JPC does better than Global Research by actually venturing an explanation as to why the arms op made Stevens a marked man:

    [W]hat if Turkish, Jordanian, Russian, or Israeli concerns about the appearance of MANPADS close to their borders made the administration decide that it had to exercise more control over weapons shipments to the Syrian rebels? What if the State Department told Ambassador Stevens to clamp down on the shipments or to stop them all together? If Stevens had told his militia allies that he was cutting back or cutting off the CIA-organized shipments to Syria, could they have been angry enough to kill him?

    OK, that's reasonably plausible. Global Research could never arrive at that, because in its view jihadism is only a pawn of imperialism. You know you're in trouble when the right-wing Zionists actually make more sense than the supposed "leftists."

  3. Neocons spooked by “regime change” blowback
    The Jewish Policy Center seems to reflect the neocons (finally!) getting a little gun-shy about this whole “regime change” thing. They run a piece by Shoshana Bryen from the right-wing American Thinker entitled, rather obviously, “The Enemy of My Enemy in Damascus.” Bryen closes:

    A strong case can be made that the elimination of Assad’s regime is important to set back Iranian/Shiite influence in the region.  But it is the height of naïveté to remove a radical Shiite outpost in the Levant assuming it can be replaced by a government with which the U.S. has influence.  It will almost assuredly be replaced by a radical Sunni outpost reflective of the strength of its most forceful member.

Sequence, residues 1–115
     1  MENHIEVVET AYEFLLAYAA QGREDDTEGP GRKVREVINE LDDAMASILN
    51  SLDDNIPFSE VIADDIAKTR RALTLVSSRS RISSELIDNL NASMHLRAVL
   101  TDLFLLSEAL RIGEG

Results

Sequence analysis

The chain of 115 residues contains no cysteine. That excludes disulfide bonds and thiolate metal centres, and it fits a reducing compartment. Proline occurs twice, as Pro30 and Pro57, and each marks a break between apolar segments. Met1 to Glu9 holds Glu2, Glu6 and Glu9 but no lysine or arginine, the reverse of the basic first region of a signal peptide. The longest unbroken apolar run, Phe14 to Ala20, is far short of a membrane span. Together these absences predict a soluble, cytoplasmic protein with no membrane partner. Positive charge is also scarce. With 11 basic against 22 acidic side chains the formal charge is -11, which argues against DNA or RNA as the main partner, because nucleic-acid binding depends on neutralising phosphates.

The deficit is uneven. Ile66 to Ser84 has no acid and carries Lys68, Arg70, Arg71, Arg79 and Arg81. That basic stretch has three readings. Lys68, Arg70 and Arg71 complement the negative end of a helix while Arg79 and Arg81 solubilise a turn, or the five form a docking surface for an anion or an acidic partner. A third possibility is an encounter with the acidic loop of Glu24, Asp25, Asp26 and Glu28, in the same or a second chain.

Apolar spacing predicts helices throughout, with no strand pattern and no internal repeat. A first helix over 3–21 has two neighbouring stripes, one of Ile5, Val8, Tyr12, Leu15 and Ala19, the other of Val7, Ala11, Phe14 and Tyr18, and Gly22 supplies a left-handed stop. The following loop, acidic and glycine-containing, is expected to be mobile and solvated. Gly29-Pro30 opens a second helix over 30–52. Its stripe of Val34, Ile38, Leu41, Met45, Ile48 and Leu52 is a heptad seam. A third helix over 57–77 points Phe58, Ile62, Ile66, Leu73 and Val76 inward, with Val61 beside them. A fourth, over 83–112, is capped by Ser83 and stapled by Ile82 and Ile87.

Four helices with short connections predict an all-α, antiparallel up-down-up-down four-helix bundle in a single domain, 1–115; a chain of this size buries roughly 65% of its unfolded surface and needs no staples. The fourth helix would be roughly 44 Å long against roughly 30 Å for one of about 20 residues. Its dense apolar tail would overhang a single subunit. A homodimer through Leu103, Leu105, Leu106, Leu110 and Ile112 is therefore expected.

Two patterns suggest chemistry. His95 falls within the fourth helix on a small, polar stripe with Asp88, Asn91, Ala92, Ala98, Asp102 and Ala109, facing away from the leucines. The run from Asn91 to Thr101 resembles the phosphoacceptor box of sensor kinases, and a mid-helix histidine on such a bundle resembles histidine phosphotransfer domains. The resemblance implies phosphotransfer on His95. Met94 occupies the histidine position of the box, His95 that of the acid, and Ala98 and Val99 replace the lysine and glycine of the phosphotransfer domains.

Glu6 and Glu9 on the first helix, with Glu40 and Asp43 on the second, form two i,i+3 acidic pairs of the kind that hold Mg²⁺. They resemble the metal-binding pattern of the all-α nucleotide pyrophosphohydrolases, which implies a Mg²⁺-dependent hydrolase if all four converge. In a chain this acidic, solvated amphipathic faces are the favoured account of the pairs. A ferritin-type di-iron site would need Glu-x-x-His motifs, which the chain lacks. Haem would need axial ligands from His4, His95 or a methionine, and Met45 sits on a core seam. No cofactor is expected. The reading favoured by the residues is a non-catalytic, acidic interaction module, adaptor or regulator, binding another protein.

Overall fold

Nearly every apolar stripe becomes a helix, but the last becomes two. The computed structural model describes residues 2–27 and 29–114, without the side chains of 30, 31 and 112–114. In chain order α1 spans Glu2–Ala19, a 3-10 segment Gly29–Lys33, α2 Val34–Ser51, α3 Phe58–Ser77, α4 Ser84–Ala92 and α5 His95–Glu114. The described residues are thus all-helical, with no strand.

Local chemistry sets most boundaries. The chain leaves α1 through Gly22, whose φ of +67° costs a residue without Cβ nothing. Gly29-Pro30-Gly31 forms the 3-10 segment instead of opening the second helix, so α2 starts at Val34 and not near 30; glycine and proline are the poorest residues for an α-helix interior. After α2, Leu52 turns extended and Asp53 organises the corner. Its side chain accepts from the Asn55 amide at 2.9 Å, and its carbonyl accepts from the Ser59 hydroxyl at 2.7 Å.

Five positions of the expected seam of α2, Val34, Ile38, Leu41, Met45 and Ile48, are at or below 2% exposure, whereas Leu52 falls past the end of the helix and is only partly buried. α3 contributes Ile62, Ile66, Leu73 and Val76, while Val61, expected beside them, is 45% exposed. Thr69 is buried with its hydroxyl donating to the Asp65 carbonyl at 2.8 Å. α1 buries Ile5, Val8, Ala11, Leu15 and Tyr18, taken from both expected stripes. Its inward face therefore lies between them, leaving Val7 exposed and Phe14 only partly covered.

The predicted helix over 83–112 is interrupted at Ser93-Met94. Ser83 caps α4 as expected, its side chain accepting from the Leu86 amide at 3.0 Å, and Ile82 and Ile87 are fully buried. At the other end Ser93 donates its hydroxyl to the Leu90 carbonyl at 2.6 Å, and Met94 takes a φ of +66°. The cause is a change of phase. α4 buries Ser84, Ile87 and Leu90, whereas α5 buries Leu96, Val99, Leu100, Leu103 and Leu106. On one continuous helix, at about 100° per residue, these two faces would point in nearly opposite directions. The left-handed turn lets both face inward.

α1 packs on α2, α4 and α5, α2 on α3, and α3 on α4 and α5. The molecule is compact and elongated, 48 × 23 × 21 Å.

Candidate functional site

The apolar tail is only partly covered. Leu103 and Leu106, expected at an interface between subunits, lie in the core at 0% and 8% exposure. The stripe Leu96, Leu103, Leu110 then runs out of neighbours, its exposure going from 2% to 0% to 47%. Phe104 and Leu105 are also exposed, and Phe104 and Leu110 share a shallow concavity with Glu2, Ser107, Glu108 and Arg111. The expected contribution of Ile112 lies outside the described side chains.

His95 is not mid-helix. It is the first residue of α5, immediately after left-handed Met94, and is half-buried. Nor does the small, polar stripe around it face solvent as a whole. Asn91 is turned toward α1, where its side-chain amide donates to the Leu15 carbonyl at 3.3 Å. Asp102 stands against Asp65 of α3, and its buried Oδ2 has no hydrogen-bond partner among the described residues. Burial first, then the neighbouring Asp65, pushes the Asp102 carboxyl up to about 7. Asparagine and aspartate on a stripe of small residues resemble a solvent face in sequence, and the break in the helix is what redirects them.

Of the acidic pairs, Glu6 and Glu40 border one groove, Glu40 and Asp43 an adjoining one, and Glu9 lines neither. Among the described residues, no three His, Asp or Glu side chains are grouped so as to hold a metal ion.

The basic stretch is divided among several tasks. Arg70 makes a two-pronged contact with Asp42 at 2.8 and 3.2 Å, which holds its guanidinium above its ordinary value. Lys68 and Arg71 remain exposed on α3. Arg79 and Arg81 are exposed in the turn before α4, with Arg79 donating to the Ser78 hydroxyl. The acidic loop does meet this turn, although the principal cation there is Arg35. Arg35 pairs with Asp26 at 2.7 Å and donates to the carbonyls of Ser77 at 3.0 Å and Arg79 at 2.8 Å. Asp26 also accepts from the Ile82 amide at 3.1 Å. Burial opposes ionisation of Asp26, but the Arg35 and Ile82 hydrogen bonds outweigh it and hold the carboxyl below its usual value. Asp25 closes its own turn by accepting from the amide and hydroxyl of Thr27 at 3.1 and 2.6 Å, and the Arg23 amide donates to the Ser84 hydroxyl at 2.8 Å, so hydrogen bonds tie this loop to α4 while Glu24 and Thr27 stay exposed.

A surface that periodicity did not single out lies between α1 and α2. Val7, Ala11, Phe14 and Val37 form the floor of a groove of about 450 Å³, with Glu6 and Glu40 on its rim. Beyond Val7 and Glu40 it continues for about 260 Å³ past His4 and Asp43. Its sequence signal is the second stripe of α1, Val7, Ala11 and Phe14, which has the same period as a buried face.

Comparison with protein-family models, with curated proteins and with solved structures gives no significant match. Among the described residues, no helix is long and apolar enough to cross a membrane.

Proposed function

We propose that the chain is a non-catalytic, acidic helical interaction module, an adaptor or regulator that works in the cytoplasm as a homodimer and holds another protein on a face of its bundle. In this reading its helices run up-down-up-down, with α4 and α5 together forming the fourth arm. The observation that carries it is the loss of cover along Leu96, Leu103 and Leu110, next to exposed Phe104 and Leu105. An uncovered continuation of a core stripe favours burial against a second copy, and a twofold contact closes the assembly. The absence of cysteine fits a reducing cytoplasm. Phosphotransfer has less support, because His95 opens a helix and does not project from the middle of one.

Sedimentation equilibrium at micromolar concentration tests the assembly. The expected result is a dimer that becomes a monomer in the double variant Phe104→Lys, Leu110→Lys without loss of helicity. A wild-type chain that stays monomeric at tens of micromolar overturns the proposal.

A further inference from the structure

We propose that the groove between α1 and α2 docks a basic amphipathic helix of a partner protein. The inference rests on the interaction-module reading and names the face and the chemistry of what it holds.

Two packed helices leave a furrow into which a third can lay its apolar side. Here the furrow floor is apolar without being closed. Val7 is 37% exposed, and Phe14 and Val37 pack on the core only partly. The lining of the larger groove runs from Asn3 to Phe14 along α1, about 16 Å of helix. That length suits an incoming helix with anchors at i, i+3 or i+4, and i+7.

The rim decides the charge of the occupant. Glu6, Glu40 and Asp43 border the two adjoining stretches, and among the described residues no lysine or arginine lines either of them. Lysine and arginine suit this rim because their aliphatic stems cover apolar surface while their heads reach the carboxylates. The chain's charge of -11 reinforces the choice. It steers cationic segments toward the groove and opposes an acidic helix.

Wow, time for some new talking points everyone, eh?

  4. Petraeus testimony ambiguous
    Petraeus gave his closed-door testimony to Congress Nov. 16, but failed to establish when the CIA determined the Benghazi attack was an act of “terrorism.” From CBS News:

    Petraeus told lawmakers today that he consistently told Congress that there were terrorist elements involved in the attack, which led to the death of U.S. Ambassador to Libya Chris Stevens and three other Americans. King, however, said he remembers Petraeus’ Sept. 14 testimony differently.